Greek Scientists Serena David & will Ellsworth

Major Developments in Science

Ancient Greece supported major pioneers in science, which led to impactful developments that still affect us today. Ancient Greece developed concepts and invented fields in medicine, engineering, physics, astronomy, and biology. This development was due to their belief that regularities and patterns in nature led to discovering the secrets of the universe. They had a fundamental belief that nature had to obey certain rules and with knowledge of these rules, it became possible to predict the nature of our universe. The observation and deduction of our surroundings led to logical arguments. This way of thinking gave a foundation for many great thinkers, scientists, and engineers that Greece was home to. Thales of Miletus discovered that the nature of the world could be explained without supernatural impact. Anaximander believed that humans must have evolved from other animals, who could survive as young animals, as infants are helpless when they are young. Empedocles began to understand a form of evolution and the concept of survival of the fittest. The vast range of discoveries proved that Greece was home to curious people, with a drive to figure things out.



Hippocrates was a Greek physician who has been called the father of medicine. Hippocrates is noted for his development of medical ethics and for the Hippocratic Oath. This oath was suspected to not be written by him, but was named after him. Throughout, Hippocrates life, he was seen as both a physician and as a teacher. Hippocrates mentored individuals like Plato, for a fee, but in turn became a famous figure in Greece. Aside from medical ethics, Hippocrates also made breakthrough discoveries in medical research. Hippocrates believed that diseases were caused by a poor diet, which produced vapors, which caused someone to become ill. Hippocrates produced writings that covered how he believed the body worked, what disease was, and how to used medicine to help treat someone. The medical developments of the Hellenistic period were caused by Hippocrates research. Even after Hippocrates died, his influence impacted the development of the modern medical fields of surgery, pharmacy, anatomy, and physiology. His works caused speculation of medicine and competition between different schools of medicine. Hippocrates developed the first system of medicine and his writings still impact us today. The development of medicine throughout the world was built on a foundation that Hippocrates gave us.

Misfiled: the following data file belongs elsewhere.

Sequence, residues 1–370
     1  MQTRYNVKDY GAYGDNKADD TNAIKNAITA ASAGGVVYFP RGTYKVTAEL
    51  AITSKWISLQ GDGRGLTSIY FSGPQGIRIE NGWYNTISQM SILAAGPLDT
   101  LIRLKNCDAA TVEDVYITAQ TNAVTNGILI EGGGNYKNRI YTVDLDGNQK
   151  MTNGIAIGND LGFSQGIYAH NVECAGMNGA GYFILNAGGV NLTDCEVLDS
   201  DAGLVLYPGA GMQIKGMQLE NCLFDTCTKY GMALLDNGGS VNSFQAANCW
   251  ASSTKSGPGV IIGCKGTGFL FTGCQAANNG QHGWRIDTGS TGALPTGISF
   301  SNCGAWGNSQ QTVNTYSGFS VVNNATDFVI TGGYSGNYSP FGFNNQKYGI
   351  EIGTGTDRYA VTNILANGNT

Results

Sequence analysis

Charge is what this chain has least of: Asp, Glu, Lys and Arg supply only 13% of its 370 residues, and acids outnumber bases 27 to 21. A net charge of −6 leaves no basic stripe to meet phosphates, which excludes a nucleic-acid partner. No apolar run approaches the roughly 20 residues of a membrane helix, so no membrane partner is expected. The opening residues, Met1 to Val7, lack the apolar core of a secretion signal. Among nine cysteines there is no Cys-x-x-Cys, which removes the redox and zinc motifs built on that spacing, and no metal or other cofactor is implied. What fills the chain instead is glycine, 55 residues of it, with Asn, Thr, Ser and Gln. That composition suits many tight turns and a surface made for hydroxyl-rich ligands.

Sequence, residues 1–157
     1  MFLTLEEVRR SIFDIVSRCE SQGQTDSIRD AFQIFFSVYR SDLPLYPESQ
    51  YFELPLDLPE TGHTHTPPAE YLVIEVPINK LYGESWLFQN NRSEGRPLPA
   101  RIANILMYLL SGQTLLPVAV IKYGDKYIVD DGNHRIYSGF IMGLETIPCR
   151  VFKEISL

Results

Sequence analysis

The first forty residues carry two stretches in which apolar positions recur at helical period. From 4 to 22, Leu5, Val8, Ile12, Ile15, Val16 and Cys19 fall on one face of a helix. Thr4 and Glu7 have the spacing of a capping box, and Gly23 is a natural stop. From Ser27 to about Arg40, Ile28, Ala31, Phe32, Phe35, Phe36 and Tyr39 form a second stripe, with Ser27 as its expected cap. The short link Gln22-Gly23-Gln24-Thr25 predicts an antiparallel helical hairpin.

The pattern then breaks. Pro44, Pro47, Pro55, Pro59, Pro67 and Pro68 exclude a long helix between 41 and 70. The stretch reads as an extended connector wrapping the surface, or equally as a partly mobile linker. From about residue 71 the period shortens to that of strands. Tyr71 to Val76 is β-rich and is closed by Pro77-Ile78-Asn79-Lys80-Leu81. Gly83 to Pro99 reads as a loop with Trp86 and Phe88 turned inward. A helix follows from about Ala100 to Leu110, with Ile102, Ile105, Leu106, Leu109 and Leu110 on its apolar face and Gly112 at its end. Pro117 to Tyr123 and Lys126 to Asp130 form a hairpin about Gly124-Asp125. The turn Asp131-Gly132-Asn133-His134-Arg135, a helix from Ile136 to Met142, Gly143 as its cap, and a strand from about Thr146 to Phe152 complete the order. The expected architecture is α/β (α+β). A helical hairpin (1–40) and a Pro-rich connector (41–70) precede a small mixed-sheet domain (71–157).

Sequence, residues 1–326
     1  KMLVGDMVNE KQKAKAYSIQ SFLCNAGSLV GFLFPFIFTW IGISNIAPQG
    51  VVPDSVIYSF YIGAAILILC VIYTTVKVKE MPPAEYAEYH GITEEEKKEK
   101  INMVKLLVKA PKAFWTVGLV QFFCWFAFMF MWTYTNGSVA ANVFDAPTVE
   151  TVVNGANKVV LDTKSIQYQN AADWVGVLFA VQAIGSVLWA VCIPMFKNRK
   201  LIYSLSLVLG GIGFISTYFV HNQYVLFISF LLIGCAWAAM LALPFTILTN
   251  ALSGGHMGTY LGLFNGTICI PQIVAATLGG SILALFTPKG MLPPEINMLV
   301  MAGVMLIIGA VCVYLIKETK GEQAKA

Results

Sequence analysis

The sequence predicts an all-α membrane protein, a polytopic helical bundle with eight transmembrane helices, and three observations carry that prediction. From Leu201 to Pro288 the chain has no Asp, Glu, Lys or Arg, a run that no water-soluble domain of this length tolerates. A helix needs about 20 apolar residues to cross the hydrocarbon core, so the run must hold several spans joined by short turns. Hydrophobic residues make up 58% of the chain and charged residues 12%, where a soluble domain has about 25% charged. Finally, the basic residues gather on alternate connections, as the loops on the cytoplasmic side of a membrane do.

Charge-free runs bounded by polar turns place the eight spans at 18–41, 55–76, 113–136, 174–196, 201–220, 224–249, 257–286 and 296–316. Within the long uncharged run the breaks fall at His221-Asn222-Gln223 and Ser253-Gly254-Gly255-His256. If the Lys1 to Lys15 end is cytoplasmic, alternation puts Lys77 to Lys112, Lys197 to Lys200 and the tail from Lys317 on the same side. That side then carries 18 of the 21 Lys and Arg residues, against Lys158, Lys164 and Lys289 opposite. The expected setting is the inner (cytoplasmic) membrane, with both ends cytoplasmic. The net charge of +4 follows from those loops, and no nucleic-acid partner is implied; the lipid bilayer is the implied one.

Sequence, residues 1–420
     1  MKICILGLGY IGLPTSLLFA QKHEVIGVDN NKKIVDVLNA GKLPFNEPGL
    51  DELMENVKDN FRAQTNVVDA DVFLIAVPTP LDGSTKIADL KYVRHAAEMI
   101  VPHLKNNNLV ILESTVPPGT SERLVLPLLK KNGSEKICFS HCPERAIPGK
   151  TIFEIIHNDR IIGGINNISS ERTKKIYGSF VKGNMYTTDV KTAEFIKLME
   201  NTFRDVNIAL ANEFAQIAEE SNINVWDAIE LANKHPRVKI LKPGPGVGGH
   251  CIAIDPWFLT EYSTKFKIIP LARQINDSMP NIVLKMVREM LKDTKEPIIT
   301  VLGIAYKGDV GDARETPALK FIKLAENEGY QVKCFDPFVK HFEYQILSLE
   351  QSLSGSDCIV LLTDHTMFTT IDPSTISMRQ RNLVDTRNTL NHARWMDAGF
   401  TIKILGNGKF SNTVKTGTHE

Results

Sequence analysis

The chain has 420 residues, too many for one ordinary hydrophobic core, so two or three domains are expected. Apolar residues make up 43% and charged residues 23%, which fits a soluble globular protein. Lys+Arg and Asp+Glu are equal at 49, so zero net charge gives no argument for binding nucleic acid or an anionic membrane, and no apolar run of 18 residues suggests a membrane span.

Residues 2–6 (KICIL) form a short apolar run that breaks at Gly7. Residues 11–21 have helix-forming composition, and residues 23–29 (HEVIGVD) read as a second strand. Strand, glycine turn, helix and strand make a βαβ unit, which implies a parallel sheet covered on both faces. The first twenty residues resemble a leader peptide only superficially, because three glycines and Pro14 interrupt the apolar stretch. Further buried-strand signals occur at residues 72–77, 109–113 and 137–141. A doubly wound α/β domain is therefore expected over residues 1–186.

Archimedes of Syracuse

Archimedes Screw, Lever, and Pulley

Archimedes was notable for his discoveries in engineering and physics. He developed simple machines, that in turn, gave us the ability to construct larger projects in the future. Archimedes invented a screw that when you turn a handle it would pull water up from one end and out the other. This was originally used for getting water out of the bottom of ships, and is still used today for irrigation in developing countries. Archimedes also discovered the concept of water displacement, which was a breakthrough in the measurement of irregular objects. He figured out that you could find the volume of an object by putting it into water, and seeing the difference of the volume of the water. He figured out that if he finds the volume that way, and then the mass, he will be able to calculate the density. Archimedes also developed the simple machines of the lever, pulley, and fulcrum. He developed the concept of buoyancy, which tested an object's ability to float and water. These discoveries greatly influenced our knowledge of the physical world and made it possible to develop the building of larger projects. The science behind how an object can float, as well as how a catapult throws an object, sparked the spirit of discovery in Greece, which proves that his influence has gone on for centuries.

Anaximander of Miletus

Anaximander of Miletus studied astronomy, the calendar, and major developments in cartography. He set up a gnomon (shadow casting rod) in Sparta to demonstrate equinoxes and solstices. which refers to when the seasons start and the length of days. The gnomon also demonstrated the hours in a day. He drew a map of the known world (which was later edited by other philosophers and scientists) and a celestial globe which shows the apparent position of stars in the sky. These astronomical observations, led Anaximander of Miletus to believe the sun and moon were rings filled with fire. Miletus' work laid the foundation for Greek scientists in the future and helped us become curious in geography of both our land and of the stars above.


Smith, Weskey D. "Hippocrates." Encyclopædia Britannica. Encyclopædia Britannica, Inc., 06 Nov. 2009. Web. 13 Mar. 2017.

Project, The Archimedes Palimpsest. "The Archimedes Palimpsest." The History of Archimedes. The Archimedes Palimpsest, n.d. Web. 13 Mar. 2017.

Evans, James. "Anaximander." Encyclopædia Britannica. Encyclopædia Britannica, Inc., 09 July 2009. Web. 13 Mar. 2017.

Cristian Violatti. “Ancient Greek Science,” Ancient History Encyclopedia. Last modified June 13, 2013. /Greek_Science/.


Created with images by orionpozo - "Galenus Avicenna Hippocrates" • Marijana07 - "achil sculpture greece" • mcostadolobo2012 - "Hippocrates" • tristanf - "Big archimedes screw" • p_a_h - "Levers" • Matti Mattila - "Pulley" • skeeze - "arch stone night"

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